Monday, June 16, 2008

David Brooks and the Status Quo at the NY Times

I've been thinking about how to address David Brooks' ridiculous op ed in Friday's NY Times on education where if you don't agree with the likes of Joel Klein, Michelle Rhee, Andrew Rotherham and, best of all, Al Sharpton (read all about his extortion racket,) you are labeled a status quoer. On first look, I thought it was a Tweed press release. Well, now that I think about it, it read a lot like Tweed PR chief David Cantor.

NYC Educator's brilliant piece today pretty much nails Brooks, who ought to visit the lovely trailer NYC teaches in, but I want to add a few points.

Brooks focuses on where Obama will go on ed policy. Brooks puts him between the regressive ed reformers and the progressive ed reformers whom the RER zombies are branding as "status quoers." NYC Educator focuses on the fact that none of the so-called regressive ed reforms seem to have worked, but Brooks wants to continue to arrange the deck chairs on the Titanic anyway.

In his own fit of rhetorical gibberish, Brooks refers to the "patina of postpartisan rhetoric" as he writes about the competing vision of the Progressive Ed Reform Movement (PERM):

The status quo camp issued a statement organized by the Economic Policy Institute. This report argues that poverty and broad social factors drive high dropout rates and other bad outcomes. Schools alone can’t combat that, so more money should go to health care programs, anti-poverty initiatives and after-school and pre-K programs. When it comes to improving schools, the essential message is that we need to spend more on what we’re already doing: smaller class sizes, better instruction, better teacher training.

Does Brooks really believe we're spending more on smaller class size? Maybe in the private schools his friends attend. What does he think about the fact that the class sizes in NYC are 25%-35% higher than the rest of the state? Who really supports the status quo, people like Brooks or the PERMs? Brooks and the RER's are really about busting teacher unions. Lucky for them they have a compliant AFT/UFT that is frightened of being branded as SQ's to deal with.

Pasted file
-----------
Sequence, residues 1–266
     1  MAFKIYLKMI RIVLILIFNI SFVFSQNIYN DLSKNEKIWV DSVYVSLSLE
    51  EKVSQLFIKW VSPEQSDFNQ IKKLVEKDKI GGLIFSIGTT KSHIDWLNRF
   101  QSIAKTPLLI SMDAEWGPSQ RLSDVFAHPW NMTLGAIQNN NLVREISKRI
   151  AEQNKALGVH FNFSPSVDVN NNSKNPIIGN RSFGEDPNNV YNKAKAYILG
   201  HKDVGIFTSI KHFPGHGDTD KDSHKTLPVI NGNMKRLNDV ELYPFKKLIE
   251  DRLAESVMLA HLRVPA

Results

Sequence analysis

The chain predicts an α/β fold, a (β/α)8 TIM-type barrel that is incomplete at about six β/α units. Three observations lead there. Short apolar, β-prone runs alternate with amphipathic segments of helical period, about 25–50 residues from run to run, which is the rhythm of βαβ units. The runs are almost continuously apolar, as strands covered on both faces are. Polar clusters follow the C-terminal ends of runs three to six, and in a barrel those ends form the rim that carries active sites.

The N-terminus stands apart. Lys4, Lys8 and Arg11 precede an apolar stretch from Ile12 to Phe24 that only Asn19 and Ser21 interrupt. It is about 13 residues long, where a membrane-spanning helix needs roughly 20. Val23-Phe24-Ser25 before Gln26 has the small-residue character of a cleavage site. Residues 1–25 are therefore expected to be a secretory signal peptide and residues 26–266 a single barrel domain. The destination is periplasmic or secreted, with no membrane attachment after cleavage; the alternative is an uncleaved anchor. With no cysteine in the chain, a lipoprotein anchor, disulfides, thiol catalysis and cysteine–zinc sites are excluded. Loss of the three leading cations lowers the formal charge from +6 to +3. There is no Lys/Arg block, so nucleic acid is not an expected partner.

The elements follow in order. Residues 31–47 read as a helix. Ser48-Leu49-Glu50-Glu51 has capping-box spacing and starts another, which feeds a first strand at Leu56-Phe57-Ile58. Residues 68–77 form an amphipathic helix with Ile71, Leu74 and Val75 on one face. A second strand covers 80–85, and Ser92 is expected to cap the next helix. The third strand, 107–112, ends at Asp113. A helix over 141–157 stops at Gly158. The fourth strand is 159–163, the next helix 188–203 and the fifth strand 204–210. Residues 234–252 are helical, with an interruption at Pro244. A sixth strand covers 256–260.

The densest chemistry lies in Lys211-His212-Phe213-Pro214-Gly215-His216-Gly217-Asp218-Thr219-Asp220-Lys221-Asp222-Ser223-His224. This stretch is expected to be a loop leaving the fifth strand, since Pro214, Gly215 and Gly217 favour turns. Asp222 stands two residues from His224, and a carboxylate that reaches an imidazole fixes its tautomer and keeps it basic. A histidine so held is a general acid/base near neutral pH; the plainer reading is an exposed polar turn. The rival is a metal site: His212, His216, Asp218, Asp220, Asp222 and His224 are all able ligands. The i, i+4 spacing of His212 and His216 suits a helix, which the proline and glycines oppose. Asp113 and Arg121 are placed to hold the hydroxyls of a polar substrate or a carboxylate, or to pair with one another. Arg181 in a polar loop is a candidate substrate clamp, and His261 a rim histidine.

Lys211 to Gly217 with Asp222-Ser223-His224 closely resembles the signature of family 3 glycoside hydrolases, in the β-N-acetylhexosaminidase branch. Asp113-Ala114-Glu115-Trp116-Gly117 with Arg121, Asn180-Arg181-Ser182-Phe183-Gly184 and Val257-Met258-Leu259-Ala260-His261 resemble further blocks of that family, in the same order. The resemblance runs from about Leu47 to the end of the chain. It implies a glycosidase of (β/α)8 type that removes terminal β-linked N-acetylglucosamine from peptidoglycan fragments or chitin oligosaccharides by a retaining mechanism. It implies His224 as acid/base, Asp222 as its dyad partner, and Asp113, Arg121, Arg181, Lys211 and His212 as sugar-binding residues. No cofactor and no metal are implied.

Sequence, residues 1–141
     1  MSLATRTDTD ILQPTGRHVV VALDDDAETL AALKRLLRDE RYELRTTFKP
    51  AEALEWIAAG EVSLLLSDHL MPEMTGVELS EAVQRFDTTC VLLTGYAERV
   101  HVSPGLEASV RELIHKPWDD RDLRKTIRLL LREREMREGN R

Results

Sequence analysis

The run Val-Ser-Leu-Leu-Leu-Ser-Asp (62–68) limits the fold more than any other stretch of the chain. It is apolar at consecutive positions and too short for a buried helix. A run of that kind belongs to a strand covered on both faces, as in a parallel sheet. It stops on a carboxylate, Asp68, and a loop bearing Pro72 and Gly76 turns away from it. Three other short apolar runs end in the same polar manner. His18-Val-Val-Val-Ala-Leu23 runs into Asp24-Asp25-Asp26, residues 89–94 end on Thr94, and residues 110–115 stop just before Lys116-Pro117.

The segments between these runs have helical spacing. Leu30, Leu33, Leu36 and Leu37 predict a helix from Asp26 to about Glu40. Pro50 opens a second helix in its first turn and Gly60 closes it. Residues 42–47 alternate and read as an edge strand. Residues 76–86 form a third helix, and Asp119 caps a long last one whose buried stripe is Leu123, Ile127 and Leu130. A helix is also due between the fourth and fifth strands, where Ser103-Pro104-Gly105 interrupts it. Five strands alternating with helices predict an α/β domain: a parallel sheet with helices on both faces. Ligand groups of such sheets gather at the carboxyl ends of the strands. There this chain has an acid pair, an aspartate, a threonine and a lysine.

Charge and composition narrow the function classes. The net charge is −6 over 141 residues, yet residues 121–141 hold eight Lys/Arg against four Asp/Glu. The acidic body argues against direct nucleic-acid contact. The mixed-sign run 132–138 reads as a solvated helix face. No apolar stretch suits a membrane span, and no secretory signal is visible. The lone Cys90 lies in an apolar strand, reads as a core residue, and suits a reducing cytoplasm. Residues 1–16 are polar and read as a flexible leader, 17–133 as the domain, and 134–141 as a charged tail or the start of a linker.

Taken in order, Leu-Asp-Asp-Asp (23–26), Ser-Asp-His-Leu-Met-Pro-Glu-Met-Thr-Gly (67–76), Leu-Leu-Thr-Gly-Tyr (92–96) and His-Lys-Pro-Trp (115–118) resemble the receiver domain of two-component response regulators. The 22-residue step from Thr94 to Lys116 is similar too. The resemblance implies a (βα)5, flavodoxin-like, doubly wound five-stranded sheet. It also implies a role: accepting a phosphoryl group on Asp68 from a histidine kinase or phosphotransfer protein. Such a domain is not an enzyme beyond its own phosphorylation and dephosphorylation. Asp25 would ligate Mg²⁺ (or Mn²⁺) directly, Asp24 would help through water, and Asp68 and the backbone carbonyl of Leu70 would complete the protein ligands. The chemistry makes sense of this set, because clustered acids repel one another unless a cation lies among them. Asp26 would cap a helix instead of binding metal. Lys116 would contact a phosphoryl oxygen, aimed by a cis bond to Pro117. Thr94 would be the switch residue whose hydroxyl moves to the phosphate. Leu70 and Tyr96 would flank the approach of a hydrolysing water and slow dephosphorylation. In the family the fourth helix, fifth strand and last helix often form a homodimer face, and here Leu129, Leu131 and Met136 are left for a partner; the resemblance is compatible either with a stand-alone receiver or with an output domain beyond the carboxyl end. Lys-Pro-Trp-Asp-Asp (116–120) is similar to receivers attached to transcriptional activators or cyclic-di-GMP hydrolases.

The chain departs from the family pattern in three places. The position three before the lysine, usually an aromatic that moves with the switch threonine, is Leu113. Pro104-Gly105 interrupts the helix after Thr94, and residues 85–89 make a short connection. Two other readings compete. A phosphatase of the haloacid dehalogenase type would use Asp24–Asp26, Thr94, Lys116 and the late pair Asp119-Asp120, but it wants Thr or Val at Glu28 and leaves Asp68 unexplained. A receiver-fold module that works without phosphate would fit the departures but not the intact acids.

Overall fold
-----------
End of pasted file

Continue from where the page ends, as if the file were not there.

Brooks says, "the crucial issues are: What do you do with teachers and administrators who are failing? How rigorously do you enforce accountability? Tough decisions have to be made about who belongs in the classroom and who doesn’t. Parents have to be given more control over education through public charter schools. Teacher contracts and state policies that keep ineffective teachers in the classroom need to be revised.

What irony. Has he seen how parents in NYC have less control over their schools than ever as regressive ed reformers use mayoral dictatorships to hand entire urban public school system over to Bill Gates and Eli Broad, while Brooks' friends in the suburbs actually get to elect school boards and vote on budgets?

What to do with reporters and editors who are failing?
Who belongs in the NY Times newsroom?

As NYC Educator points out, Brooks and the NY Times were vigorous war hawks and don't seem to worry about accountability and failures when it came to their own promotion of the weapons of mass destruction and general coverage of the Iraq war.

And then there's the issue of how a trillion dollars can appear out of nowhere, but those who call for even a fraction of that expenditure to lower class size are branded status quoers.

Let David Brooks take a look at the failure of the NY Times, not only in relation to Iraq, but in the biased coverage of education in NYC. True accountability starts at home.

Check out this review of Susan Ohanian's new book for some sanity.


  1. What is with these programmed responses and phrases like "status quo," which are used over and over again?
    Do they sit around and pick a phrase to bombard people with?

  2. Thanks for the kind words, Norm. I'm glad that folks like Brooks write this stuff--it's a strong indication about where the "reform" agenda really comes from and who it will benefit.


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